- by New Deal democrat
This is something I’ve been meaning to post since the last three weeks of huge, 3- and 6,000,000-plus numbers of initial jobless claims.
There is a general correlation between initial jobless claims and payrolls. Even in the best months, 1,000,000 total claims for initial benefits might be filed. But that is offset by 1,200,000 or more new hires for new jobs - I.e., for example, a net gain of 200,000 jobs during the month.
If we take the gain of roughly +.2% monthly in net jobs in a good jobs market, we can create a pretty decent historical correlation between the percent change in new jobless claims (blue, inverted in the graph below) and net jobs in the monthly payrolls report (red):
Noisy, but the correlation generally holds. Of course, the above graph stops before the month of March 2020, when all hell broke loose (and will make future historical graphing of initial claims and jobs a real challenge).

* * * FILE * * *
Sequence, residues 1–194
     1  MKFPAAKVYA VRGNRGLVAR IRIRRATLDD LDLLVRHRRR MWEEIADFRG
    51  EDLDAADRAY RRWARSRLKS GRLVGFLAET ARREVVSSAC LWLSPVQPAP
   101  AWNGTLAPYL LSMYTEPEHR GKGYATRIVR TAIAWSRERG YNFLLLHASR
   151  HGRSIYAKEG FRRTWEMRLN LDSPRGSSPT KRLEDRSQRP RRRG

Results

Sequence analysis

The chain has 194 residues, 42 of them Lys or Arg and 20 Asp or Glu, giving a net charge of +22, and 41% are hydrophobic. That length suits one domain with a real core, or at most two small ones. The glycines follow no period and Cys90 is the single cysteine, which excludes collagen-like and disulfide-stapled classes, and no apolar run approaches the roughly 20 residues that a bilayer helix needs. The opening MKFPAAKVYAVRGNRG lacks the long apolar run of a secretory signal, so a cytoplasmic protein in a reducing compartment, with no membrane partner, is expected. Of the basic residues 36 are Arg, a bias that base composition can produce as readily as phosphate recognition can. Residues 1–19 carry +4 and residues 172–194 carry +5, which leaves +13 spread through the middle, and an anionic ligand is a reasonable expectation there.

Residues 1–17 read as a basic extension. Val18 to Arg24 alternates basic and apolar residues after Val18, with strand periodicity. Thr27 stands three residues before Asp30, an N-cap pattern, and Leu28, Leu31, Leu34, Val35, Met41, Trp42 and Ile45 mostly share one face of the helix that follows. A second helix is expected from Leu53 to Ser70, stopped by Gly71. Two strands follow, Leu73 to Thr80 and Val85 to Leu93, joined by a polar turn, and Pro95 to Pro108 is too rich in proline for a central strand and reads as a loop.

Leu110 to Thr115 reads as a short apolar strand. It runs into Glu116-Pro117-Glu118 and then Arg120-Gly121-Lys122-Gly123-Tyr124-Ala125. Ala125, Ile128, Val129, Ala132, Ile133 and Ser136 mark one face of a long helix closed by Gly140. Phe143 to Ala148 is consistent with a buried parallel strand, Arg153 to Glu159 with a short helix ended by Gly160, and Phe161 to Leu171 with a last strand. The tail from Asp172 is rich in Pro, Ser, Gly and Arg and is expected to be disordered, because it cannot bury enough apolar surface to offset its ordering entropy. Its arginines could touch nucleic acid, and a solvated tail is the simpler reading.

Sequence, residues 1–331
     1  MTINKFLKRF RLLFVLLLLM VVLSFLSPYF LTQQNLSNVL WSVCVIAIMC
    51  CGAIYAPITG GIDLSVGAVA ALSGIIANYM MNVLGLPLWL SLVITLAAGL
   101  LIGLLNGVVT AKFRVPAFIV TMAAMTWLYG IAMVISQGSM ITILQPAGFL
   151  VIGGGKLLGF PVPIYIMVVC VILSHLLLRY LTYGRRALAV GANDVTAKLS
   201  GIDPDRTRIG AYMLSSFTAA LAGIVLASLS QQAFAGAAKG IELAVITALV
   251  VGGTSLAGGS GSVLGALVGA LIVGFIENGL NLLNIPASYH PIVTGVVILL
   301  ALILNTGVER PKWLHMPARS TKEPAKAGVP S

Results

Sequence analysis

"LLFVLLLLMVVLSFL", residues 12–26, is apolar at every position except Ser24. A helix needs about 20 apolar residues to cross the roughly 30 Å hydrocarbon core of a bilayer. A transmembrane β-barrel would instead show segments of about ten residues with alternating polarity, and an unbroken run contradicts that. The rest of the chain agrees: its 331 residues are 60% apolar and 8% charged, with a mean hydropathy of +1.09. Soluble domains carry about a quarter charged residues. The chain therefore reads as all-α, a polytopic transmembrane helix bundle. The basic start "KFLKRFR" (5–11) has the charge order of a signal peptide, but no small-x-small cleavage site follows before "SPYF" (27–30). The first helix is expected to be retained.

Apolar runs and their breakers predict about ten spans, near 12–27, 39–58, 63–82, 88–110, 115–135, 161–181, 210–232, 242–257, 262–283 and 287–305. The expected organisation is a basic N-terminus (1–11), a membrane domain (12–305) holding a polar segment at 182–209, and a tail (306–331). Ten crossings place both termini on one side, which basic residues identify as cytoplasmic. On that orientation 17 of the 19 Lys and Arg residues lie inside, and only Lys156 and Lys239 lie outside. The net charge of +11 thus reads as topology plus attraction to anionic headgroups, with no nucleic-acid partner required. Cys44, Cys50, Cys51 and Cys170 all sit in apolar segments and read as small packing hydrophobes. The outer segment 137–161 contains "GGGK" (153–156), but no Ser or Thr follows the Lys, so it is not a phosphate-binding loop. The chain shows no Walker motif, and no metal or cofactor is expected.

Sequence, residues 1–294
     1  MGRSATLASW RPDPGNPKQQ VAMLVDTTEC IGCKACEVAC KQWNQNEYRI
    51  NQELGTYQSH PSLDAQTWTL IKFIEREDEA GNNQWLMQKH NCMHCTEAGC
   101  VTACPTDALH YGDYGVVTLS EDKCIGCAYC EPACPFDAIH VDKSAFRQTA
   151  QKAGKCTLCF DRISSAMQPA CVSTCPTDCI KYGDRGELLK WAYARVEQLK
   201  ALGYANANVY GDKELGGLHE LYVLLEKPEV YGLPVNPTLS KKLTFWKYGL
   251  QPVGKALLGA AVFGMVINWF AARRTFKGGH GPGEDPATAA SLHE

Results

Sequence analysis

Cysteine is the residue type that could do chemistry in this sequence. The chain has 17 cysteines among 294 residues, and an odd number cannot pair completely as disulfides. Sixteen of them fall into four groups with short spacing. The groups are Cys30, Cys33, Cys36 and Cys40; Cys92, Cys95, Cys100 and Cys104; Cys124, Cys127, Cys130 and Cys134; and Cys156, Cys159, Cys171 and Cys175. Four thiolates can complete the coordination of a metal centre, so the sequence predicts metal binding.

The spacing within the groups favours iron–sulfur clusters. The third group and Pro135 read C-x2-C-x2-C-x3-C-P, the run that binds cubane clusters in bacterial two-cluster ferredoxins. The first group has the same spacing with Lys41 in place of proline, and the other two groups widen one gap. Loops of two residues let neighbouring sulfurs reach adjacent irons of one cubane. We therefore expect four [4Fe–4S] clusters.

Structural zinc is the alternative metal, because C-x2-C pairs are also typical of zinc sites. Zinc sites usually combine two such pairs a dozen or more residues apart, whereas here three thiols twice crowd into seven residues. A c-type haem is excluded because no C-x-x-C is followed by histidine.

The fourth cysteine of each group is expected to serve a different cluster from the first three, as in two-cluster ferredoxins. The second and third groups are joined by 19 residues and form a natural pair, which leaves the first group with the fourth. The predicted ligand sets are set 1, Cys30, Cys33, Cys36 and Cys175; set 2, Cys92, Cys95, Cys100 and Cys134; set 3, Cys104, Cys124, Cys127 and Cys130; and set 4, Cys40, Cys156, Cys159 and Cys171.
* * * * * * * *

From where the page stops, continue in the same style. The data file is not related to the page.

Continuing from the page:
So here is the past year, through last week’s initial claims report:
The 4 week average of initial jobless claims suggests that the April jobs report is going to show something like a 25% loss in the entire jobs market! Since going into the crisis there were about 150,000,000 jobs in the US, a 25% loss equates to about -30,000,000 jobs.
P.S.: By the way, under any econometric election model you can find, such a loss if not quickly reversed portends disaster for the presidential candidate of the incumbent party.